US 2930521 A
Description (OCR text may contain errors)
March 29, 1960 R. P. KoEHRlNG GAS TURBINE STRUCTURE 2 Sheets-Sheet 1 Filed Aug. 17. 1955 F l'g. 2
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March 29, 1960 R. P. KoEHRlNG 2,930,521
GAS TURBINE STRUCTURE Filed Aug. 17. 1955 2 Sheets-Sheet 2 H/L',` Attorney United States Patent() This invention relates to turbo-compressors and is particularly concerned with self-sealing surfaces used in such compressors in conjunction with the extremities of the.
It is therefore an object of the'invention to provide a compressor structure for` use in turbo-compressors wherein a surface is provided adjacent the outer edges of rotor vanes which surface is self-seating with respect to the edges of the rotor vanesso thatextremely close tolerances may be maintained wherebyV the compressor will attain maximum efficiency at the elevated temperature of operation. s v f.
Another object is to provide a sealing surface around the periphery of each rotor stage of a turbo-compressor wherein a metal is used which is sufficiently soft to permit the rotor blades to seat themselves therein during operation whereby a high degree of accuracy is obtained in the assembly. Y
In carrying out the above objects it is a further object of the invention to provide a porous nickel surface around the periphery of' each of the rotor vane stages which surface is made by sintering non-compacted nickel powder together into a strong porous layer that may be assembled to form the sealing surface, said porous nickel layer being sufficiently soft to be readily cut by the outer edges of the rotor blades during operation so that the blades seat themselves against the surface at the desired temperature of operation.
Further objects and advantages of the present invention will be apparent from the following description, reference being had to the accompanying drawings, wherein preferred forms of the invention are clearly shown.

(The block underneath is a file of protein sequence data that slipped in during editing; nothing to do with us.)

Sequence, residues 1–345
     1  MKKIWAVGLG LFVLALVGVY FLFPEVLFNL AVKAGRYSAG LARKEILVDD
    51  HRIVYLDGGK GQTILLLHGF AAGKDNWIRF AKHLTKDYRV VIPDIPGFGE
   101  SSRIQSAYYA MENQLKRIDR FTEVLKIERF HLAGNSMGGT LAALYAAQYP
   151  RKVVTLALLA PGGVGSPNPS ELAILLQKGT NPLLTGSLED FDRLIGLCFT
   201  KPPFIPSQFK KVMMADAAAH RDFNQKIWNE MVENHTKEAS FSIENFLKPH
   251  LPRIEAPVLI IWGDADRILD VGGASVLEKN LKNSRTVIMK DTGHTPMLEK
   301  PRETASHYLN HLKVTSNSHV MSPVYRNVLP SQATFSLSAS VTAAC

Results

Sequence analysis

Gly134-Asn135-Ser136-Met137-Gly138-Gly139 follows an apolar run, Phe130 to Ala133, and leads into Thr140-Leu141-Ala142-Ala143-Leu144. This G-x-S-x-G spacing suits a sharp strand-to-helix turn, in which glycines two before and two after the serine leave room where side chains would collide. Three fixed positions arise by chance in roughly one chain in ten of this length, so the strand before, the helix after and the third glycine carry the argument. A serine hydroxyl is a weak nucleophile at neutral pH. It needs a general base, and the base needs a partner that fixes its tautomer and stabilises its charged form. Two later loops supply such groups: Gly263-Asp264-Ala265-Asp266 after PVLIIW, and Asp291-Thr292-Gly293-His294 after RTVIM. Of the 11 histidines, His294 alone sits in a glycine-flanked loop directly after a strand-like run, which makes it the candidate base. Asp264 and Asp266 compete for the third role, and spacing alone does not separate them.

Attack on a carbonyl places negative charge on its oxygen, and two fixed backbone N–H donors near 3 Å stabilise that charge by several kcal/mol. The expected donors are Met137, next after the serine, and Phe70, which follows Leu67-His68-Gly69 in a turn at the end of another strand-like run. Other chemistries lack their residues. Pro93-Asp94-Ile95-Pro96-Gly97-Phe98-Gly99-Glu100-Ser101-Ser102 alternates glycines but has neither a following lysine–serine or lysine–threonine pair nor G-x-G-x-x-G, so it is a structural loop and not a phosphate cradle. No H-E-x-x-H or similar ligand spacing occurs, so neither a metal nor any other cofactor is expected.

In the drawings: 1
Figure 1 is a fragmentary view partially in section of one rotor stage with a portion of the rotor vvanes being cut away to show the adjacent stator vanes;
Figure 2 is a fragmentary view in section kof two stages of rotor vanes in a conventional compressor;
Figure'Sis a diagrammatic view partly cut away showing a gas turbine and specifically illustrating the compressor Aportion thereof with its relation to the turbine portion;
Figure v4 is a view of another embodiment of the invention shown in Figure 2; and
Figure VS'is a section taken on line 5--5 of Figure 4.
In the manufacture of compressorsy for use in gas turbines, the efficiency of the compressor is dependent on the dimensional tolerances maintained during its manufacture. 'l'hese tolerances in most instances cannot be maintained very close due to the fact that the compressor becomesheated unevenly to elevated temperatures during operation` due to its proximity to the burners of the. turbine and thus unequal expansion of the several parts of the compressor is experienced.Y The tolerances necessary to use in the average turbo-compressor, therefore, are not sufficiently close to obtain maximum efficiency of the compressor due to leakage around the compressor rotor blades Patented Mar. 29, 1960 and the adjacent surfaces. One of the most difficult posi@ tions to maintain under close tolerance is the peripheral seal between the ends of the compressor rotor blades and the housing therefor and this condition has been apparent for sometime without a satisfactory solution. j